Antique and vintage signs are highly sought after by collectors for their beauty, enduring historic value, and because they make great discussion pieces. Used to advertise everything from soda to farm equipment to household appliances, key genres include wood, porcelain (aka enamel), tin, and neon.
Porcelain enamel signs were first produced in Europe in the late 1800s, and became popular in the U.S. in the 1890s. Porcelain signs were made of powdered glass fused onto rolled iron. Different colors were stenciled on and fired, creating a different layer for each color; although later porcelain signs were silkscreened. Porcelain signs were durable and able to withstand exposure to the elements, so tens of thousands were made. But during the World War II scrap drives, many were melted down. Eventually high labor costs caused porcelain signs to fall out of favor in the 1950s.
Tin signs were also melted in WWII scrap drives, halting production almost permanently. Although some tin signs were made after the war, their reemergence was short lived. Tin signs reached their peak of popularity in the 1920s and were usually painted, screenprinted, or stamped. But they were not as durable as porcelain signs, and were prone to rust.
The first neon sign was introduced in 1912, for a Parisian barber. Neon signs contain tubes filled with neon or inert gasses that glow when a high voltage is applied. Though popular in the 1920s and 1930s, they were expensive to make and very fragile. In the 1940s and '50s, custom-made neon signs were produced in small quantities for businesses like restaurants, clubs, bars, hotels, and auto dealerships. More modern mass-produced neon signs for companies like Budweiser and Coca-Cola can also be collectible.
Some collectors also seek out vintage cardboard signs, which were popular in the mid-20th century and were used to advertise a broad range of consumer items (soda, beer, candy, etc.) and upcoming events, like the circus. Other sign formats, like and door pushes and pulls, are highly sought after as well.
Although some collectors focus exclusively on signs, many pursue the hobby as an adjunct to another collecting interest. Therefore antique and vintage signs related to these areas are in high demand, like automobile, oil and gas, travel, farm, food, smoking, beer, and railroad signs. Signs from the west coast are in especially high demand.
With antique and vintage signs, condition, visual appeal, and scarcity are important influences on value. Many signs have bullet holes from being shot at or rust or crazing from exposure to the elements. Do your homework before buying - many reproductions have been made and many signs have been restored.
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Recent News: Signs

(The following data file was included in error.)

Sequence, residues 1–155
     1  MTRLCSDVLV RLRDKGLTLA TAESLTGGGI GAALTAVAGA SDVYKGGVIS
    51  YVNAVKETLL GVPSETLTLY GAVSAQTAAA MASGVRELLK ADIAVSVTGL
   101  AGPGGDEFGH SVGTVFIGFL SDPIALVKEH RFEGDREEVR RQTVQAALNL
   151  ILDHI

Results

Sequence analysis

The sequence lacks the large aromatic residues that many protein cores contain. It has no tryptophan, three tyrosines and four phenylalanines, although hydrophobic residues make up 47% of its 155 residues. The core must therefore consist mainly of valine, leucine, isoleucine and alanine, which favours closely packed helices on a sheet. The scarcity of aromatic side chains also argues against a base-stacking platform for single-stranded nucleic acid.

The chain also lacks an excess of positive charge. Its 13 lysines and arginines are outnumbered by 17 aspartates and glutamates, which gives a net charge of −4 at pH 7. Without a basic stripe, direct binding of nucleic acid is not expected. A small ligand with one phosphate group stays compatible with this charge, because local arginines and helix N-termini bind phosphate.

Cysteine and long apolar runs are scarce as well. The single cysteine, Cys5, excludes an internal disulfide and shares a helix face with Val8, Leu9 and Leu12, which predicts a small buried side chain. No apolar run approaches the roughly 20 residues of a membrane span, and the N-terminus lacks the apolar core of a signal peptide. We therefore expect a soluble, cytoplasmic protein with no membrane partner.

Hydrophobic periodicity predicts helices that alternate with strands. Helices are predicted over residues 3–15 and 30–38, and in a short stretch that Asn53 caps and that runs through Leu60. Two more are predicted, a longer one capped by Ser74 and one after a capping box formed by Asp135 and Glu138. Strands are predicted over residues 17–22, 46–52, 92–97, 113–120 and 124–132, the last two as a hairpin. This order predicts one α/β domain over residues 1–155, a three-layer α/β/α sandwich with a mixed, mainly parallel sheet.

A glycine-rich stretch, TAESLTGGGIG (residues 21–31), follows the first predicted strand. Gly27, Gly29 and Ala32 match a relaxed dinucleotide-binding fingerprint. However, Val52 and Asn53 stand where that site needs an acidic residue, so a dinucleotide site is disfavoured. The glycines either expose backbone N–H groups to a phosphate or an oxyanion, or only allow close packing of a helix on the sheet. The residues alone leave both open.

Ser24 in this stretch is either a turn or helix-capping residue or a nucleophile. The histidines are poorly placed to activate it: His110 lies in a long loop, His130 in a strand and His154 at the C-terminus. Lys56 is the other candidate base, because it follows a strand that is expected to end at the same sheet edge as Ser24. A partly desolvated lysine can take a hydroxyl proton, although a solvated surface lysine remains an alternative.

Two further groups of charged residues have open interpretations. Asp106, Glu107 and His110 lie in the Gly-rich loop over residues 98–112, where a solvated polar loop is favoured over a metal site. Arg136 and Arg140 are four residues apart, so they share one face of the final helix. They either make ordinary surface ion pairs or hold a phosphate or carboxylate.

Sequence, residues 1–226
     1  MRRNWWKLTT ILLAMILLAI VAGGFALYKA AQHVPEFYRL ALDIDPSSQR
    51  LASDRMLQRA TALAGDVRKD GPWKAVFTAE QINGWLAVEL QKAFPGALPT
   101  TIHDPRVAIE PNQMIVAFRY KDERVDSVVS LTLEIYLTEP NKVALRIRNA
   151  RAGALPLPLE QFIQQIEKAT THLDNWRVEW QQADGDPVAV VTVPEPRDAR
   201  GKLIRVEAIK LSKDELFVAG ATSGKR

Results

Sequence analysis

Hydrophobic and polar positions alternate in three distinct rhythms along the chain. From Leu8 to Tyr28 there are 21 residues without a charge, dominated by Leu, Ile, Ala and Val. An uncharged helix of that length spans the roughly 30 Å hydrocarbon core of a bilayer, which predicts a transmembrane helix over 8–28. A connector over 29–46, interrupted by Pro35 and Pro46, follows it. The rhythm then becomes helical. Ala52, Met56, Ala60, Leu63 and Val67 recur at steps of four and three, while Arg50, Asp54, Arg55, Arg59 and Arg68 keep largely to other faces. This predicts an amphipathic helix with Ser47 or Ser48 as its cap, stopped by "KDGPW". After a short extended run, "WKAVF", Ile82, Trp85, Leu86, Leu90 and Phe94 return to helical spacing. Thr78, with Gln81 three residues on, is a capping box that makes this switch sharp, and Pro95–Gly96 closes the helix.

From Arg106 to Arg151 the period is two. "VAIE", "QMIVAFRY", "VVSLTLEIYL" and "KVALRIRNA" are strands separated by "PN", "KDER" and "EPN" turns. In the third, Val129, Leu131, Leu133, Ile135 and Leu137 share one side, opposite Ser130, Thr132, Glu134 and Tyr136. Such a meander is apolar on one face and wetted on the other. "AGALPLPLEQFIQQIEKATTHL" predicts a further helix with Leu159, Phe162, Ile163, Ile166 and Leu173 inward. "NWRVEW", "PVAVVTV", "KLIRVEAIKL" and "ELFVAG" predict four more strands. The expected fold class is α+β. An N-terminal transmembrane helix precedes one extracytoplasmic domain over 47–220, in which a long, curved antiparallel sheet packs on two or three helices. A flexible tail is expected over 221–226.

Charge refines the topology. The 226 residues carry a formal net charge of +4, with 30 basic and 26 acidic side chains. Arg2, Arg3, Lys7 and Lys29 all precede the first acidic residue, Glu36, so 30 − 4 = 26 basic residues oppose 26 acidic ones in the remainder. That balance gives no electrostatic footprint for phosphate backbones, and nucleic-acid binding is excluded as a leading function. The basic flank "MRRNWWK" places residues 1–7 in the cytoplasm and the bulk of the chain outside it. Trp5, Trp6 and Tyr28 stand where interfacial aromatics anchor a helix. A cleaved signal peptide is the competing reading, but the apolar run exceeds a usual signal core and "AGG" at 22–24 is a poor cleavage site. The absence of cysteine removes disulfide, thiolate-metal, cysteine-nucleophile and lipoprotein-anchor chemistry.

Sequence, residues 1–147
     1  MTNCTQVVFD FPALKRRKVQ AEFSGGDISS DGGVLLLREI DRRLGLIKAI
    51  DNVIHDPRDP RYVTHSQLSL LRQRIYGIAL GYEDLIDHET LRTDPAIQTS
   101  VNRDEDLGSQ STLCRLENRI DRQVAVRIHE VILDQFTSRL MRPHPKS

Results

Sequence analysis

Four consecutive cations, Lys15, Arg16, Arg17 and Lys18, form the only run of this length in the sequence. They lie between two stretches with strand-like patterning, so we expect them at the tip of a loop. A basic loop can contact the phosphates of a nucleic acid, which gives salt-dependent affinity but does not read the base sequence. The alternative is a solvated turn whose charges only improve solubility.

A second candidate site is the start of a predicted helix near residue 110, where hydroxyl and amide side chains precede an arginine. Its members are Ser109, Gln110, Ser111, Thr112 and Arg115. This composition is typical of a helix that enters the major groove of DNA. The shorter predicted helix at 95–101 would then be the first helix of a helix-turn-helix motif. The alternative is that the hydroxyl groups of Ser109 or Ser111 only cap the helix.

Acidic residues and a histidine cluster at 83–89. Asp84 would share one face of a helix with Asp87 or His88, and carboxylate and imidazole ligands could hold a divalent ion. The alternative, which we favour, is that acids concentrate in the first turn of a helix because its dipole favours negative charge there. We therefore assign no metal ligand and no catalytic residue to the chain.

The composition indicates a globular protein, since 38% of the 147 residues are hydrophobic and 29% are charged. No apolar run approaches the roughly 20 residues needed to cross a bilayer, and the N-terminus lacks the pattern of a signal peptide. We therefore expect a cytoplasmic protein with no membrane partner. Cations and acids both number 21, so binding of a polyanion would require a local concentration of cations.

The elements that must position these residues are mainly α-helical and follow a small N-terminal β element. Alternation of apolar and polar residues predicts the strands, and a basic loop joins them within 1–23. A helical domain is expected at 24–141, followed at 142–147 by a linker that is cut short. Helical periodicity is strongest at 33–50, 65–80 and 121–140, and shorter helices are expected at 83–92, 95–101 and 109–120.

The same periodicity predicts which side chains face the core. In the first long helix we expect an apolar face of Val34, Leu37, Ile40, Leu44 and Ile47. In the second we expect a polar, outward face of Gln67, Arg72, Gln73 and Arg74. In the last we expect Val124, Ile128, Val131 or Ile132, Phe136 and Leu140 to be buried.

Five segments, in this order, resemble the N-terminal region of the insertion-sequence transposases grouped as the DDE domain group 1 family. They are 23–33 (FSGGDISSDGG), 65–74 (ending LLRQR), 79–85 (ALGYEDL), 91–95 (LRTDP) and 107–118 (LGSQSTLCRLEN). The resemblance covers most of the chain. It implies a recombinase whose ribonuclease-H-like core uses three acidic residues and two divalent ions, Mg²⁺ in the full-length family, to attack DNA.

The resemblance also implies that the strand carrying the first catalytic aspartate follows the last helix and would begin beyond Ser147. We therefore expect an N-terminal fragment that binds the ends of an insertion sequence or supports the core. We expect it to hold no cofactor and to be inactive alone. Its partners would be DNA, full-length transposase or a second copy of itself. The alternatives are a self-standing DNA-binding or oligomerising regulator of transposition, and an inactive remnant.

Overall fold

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Great sandwiches: Olive Branch Cafe opens downtown, DiLoreto's serves a ...TheNewsTribune.com (blog), December 9th
DiLoreto's Cafe opened in June 2012 as a tiny 11-seat diner. Owner Chris DiLoreto, with his fiance Jen, later bumped up the cafe to a half dozen tables. The airy cafe is outfitted with antique signs from neighboring Sanford and Sons. On a first visit...Read more
Go For the Food: Capitol Burgers in Los AngelesEast Valley Tribune, December 8th
With jail-like bars covering the windows and only a few outdoor picnic tables underneath Capitol's now-vintage sign, it's not really worth lingering. For that, the itty-bitty 66-year-old Apple Pan on the other side of town offers more atmosphere with...Read more
Shop shows signs of the timesGreat Falls Tribune, December 7th
Eye-catching vintage signs with rustic images and evocative titles like Virgin Snow and Camp Run-a-muck draw people in off the street at Whitefish's Bear Mountain Mercantile. For the past “He thought a vintage sign for Big Mountain would sell in my...Read more
25 ways Missoulians can buy gifts locally this holidayThe Missoulian, December 7th
Author Laura Budds' children's book shares bears' love of huckleberries. $16.95, Fact and Fiction. • Vintage signs: Personalize a wood or metal sign from Meissenburg Designs with a child's name or a favorite family pastime. $69-$189, Whippersnappers...Read more
A Dozen Creative Ideas For Decorating Blank WallsBusiness Insider Australia, December 5th
When you have a big, blank wall to fill, your first thought may be a gallery wall. There's nothing wrong with that, but sometimes it's nice to break up all of that flat framed artwork with something different. Enter baskets, brackets, paint-dipped...Read more
Charities continue to seek helpShelbyville Times-Gazette, December 5th
You may sign the cards or leave them blank for others to sign. Collection boxes are at First Community Bank, Peoples Bank and Dollar General Market. For more information, call 695-3131. * Christy's Cuddlies for Clera provides toiletries and other...Read more
The showgirl must go onReno News & Review, December 5th
Arrizabalaga points out that, with Burns' costume collection, Will Durham's neon sign collection, recently exhibited at the Nevada Museum of Art, archival information in the Nevada Historical Society, the artwork, historical drawings and old slot...Read more
What's the value of a sign?CL Charlotte, December 3rd
The vintage sign, albeit worn, represented the long-term staying power of the coop. For me, the sign at Does the removal of vintage signs or historical structures detract from the personality of an institution or from the personality of a city for...Read more